Cynthia is an administrator, has a degree in Business, Economics, & History, and is a qualified Hypnotherapist. She loves to write & travel.
An urgent call goes down the line – ‘stretcher bearers, stretcher bearers’. Another man has been wounded or killed on the Western Front. The casualty figures during the Great War were horrific, with around a million British soldiers being killed and twice as many as that being injured.
Many of these injuries could lead to the soldier being permanently disabled or disfigured, so what medical treatment could he expect to receive, where was he treated and how was he evacuated away from the front line trenches?
Despite all the images we have seen of grim-faced troops bravely scrambling to go over the top and advance into a hail of machine gun bullets or artillery fire, most of the time life in the trenches was one of routine, even boredom. The big pushes, or battles, were terrifying for the men and claimed a lot of casualties but on a day to day basis the troops still faced the risk of being picked off by a sniper, hit by a shell or shrapnel or coming under attack from poison gas. Disease also stalked the trenches with men coming down with trench foot from the wet, muddy conditions, rheumatism from the intense cold, infections caught from the rats and lice and the most common of all, venereal disease.
So what would happen to you if you were the one who was unlucky enough to have been wounded and the call for stretcher bearers was for you? The Army knew the key to a wounded man surviving was prompt medical treatment and swift evacuation to a hospital behind the front lines.
At the start of the Great War these processes were often chaotic, but in a surprisingly short time a relatively efficient, though highly bureaucratic, system was put in place to assess casualties and get them to the kind of medical treatment they required.
If they were going to be wounded most soldiers dreamed of a clean ‘Blighty’ one, an injury serious enough to get them back home to Britain but one that did not involve losing a limb or being disfigured. However, because of the modern weaponry used in the First World War, many men suffered horrific abdominal injuries, facial wounds, burns and lung damage from poison gas.
The first place you would have been taken was the Regimental Aid Post, situated in or just behind the trenches. These Aid Posts were staffed by the Regimental Medical Officer, a few orderlies and some troops who had been trained as stretcher bearers. The stretcher bearers themselves could do very little in the way of first aid when they picked you up. Each soldier carried a field dressing in their tunic and all the stretcher bearer could often do was pour a phial of iodine onto the wound to clean it and apply the dressing.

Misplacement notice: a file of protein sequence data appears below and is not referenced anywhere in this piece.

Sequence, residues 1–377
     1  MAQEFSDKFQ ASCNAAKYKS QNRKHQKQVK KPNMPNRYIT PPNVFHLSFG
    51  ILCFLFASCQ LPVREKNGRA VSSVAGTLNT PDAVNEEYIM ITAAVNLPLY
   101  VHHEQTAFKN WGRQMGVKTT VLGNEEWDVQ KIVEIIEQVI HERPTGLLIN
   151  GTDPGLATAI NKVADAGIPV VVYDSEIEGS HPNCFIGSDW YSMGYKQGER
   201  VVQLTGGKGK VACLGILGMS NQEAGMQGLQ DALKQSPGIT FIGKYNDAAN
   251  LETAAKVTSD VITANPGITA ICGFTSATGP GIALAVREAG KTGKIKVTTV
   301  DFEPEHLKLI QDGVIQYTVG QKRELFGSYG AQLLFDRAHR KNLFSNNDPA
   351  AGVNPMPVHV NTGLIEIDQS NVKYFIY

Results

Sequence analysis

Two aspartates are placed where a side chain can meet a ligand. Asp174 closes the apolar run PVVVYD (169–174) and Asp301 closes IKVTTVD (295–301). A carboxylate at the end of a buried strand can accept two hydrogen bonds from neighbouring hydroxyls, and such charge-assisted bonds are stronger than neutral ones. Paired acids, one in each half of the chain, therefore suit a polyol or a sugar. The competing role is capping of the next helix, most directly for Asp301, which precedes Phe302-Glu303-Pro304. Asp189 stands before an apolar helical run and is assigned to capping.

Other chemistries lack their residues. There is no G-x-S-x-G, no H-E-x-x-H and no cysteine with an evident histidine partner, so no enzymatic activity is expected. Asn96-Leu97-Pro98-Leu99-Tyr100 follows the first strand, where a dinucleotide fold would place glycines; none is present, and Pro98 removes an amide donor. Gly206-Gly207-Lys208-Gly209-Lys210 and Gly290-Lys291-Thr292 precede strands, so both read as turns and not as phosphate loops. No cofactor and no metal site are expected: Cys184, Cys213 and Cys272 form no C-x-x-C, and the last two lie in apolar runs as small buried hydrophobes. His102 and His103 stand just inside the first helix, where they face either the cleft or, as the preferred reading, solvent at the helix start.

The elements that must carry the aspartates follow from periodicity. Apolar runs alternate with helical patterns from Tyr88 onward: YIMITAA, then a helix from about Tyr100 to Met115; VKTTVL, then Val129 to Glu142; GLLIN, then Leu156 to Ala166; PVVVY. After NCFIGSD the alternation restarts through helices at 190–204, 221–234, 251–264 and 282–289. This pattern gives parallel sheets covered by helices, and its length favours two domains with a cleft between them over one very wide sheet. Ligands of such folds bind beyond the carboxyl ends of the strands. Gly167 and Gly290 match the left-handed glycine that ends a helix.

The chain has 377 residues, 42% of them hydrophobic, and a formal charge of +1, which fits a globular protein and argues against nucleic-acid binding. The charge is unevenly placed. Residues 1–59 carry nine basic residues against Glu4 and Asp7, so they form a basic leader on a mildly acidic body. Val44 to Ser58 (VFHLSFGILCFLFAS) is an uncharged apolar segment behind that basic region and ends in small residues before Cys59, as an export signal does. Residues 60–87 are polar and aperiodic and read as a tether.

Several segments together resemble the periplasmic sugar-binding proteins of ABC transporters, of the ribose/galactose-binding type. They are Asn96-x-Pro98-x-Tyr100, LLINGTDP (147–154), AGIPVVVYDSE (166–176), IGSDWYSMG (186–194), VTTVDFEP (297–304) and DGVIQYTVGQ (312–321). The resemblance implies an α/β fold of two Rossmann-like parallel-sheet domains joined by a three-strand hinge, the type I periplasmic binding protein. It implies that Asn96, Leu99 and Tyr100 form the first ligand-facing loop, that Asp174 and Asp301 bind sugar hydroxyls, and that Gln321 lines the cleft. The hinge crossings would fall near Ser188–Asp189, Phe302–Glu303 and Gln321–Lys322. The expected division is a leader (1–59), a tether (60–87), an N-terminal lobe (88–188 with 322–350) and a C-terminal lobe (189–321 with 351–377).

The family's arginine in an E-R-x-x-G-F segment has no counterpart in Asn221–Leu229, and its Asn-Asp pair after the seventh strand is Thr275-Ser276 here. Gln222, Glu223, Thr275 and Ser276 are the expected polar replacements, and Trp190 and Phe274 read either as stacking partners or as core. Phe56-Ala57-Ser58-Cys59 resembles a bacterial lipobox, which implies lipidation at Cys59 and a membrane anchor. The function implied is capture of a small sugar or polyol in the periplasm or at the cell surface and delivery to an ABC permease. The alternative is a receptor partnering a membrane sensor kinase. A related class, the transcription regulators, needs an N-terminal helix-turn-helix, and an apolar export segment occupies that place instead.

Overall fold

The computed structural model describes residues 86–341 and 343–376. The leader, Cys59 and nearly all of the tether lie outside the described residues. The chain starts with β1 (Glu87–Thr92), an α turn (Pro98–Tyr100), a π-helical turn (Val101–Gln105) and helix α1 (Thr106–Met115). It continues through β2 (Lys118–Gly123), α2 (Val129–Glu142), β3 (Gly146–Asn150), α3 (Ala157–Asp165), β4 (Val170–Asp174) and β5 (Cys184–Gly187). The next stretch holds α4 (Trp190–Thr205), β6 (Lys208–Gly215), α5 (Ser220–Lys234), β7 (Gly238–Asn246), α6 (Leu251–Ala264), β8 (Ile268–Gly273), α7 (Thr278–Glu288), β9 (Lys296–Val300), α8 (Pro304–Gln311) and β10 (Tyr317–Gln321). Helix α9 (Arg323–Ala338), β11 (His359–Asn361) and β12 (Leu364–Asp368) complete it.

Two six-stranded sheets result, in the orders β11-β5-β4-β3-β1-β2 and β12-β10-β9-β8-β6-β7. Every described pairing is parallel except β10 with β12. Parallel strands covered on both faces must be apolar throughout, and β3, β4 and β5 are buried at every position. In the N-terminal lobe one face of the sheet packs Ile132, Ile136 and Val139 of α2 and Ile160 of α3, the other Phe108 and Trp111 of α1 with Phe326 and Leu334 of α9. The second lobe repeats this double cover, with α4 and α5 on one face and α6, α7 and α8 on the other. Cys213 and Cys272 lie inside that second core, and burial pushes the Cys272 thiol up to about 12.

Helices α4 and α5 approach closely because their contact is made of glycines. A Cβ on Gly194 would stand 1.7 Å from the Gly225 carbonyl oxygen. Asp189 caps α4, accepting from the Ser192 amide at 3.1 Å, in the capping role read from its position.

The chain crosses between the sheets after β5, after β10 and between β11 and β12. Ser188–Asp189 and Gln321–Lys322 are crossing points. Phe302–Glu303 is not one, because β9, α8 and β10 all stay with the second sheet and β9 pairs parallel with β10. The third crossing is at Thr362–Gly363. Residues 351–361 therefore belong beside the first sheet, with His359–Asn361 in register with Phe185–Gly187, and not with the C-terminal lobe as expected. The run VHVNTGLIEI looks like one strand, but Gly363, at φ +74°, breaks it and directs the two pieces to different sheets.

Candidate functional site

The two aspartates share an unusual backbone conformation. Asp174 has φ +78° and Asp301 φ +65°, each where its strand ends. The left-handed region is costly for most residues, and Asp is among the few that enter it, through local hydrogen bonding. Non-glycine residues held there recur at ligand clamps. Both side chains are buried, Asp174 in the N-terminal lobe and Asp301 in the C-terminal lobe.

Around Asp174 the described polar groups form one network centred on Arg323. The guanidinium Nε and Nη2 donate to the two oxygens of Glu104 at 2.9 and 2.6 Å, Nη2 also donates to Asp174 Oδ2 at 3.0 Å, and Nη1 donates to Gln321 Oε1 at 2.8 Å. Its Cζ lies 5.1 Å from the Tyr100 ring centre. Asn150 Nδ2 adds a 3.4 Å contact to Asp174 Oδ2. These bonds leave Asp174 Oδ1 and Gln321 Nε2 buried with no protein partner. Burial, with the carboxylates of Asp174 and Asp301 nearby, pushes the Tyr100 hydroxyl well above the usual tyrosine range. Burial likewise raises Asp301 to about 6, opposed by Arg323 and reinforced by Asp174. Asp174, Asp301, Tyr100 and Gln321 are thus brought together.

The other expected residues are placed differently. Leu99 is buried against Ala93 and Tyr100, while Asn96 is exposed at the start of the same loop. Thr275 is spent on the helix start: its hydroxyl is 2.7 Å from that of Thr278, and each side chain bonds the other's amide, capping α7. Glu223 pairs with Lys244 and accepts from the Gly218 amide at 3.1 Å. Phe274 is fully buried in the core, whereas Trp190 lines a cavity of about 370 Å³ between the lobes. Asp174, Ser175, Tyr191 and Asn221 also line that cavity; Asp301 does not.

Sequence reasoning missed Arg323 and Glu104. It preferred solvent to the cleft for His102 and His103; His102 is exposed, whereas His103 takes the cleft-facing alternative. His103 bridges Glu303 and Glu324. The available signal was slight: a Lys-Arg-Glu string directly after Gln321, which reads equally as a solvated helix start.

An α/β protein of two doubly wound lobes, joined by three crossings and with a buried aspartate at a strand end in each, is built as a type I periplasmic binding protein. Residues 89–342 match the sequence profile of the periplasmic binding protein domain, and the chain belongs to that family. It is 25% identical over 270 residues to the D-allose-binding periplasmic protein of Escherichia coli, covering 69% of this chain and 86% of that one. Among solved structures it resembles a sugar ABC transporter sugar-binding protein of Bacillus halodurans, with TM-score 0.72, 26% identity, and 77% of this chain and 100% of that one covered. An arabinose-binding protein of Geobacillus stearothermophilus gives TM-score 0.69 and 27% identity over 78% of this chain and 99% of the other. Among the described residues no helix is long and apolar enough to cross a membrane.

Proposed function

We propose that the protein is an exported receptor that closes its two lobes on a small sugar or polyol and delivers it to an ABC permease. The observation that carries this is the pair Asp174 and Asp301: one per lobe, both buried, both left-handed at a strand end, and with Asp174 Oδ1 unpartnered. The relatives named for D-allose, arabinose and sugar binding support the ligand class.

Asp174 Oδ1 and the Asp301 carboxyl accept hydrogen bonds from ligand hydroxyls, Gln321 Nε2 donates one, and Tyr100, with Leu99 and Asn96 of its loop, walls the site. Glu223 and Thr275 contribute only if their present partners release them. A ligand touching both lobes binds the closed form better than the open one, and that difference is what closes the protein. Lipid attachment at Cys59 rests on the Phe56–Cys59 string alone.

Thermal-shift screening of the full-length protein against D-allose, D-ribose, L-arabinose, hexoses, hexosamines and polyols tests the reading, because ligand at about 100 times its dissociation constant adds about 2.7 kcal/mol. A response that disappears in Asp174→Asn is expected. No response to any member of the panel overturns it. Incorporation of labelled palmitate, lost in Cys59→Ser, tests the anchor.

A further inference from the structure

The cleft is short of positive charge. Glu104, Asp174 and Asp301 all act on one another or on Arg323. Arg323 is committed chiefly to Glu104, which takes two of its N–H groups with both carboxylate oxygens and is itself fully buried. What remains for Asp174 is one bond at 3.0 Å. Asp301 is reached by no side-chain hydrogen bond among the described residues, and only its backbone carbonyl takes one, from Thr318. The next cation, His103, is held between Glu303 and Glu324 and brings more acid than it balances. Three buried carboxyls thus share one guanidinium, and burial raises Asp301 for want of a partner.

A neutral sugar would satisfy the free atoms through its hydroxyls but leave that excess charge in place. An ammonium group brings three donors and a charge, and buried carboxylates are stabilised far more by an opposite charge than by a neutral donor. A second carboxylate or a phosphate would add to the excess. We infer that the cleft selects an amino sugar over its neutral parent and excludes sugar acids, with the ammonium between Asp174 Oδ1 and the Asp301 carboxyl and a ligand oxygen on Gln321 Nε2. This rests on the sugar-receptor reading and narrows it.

This was dangerous work for the medical staff as the Regimental Aid Post would come under constant shelling and the stretcher bearers often had to go out into ‘no man’s land’ or onto the battlefield to retrieve the injured. This was so perilous that wounded soldiers would sometimes have to wait for hours until the sun went down before the stretcher bearers could start their work under the cover of darkness.
If your wound was too serious to be successfully treated at the Regimental Aid Post your next stop would be at a Main or Advanced Dressing Station. However, if you were wounded during a big battle it could take many hours to get you there as the trenches would be clogged with men and equipment going in both directions.
During a battle moving the wounded back to a Dressing Station was not prioritised, with getting ammunition and then reinforcements up to the battlefield both being deemed more important. Dressing stations were usually staffed by the Mobile Field Ambulances of the Royal Army Medical Corps and on arrival you would go through a triage process where your injuries were assessed.
As battle was raging the wait could be many hours and it was those casualties who could easily and successfully treated who were likely to be seen first. The seriously wounded or those judged to be beyond help were given morphine and left to wait. The priority was getting as many men as possible patched up fast and sent back to their units to fight on.